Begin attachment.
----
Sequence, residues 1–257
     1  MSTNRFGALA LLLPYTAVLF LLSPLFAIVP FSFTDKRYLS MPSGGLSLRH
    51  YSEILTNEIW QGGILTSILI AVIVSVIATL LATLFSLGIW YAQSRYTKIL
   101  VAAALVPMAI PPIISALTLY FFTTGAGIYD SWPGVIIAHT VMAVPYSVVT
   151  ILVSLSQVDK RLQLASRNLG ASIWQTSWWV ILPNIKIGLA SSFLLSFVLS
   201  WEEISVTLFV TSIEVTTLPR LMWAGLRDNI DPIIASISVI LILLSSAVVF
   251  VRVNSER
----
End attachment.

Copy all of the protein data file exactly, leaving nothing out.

Sequence, residues 1–257
     1  MSTNRFGALA LLLPYTAVLF LLSPLFAIVP FSFTDKRYLS MPSGGLSLRH
    51  YSEILTNEIW QGGILTSILI AVIVSVIATL LATLFSLGIW YAQSRYTKIL
   101  VAAALVPMAI PPIISALTLY FFTTGAGIYD SWPGVIIAHT VMAVPYSVVT
   151  ILVSLSQVDK RLQLASRNLG ASIWQTSWWV ILPNIKIGLA SSFLLSFVLS
   201  WEEISVTLFV TSIEVTTLPR LMWAGLRDNI DPIIASISVI LILLSSAVVF
   251  VRVNSER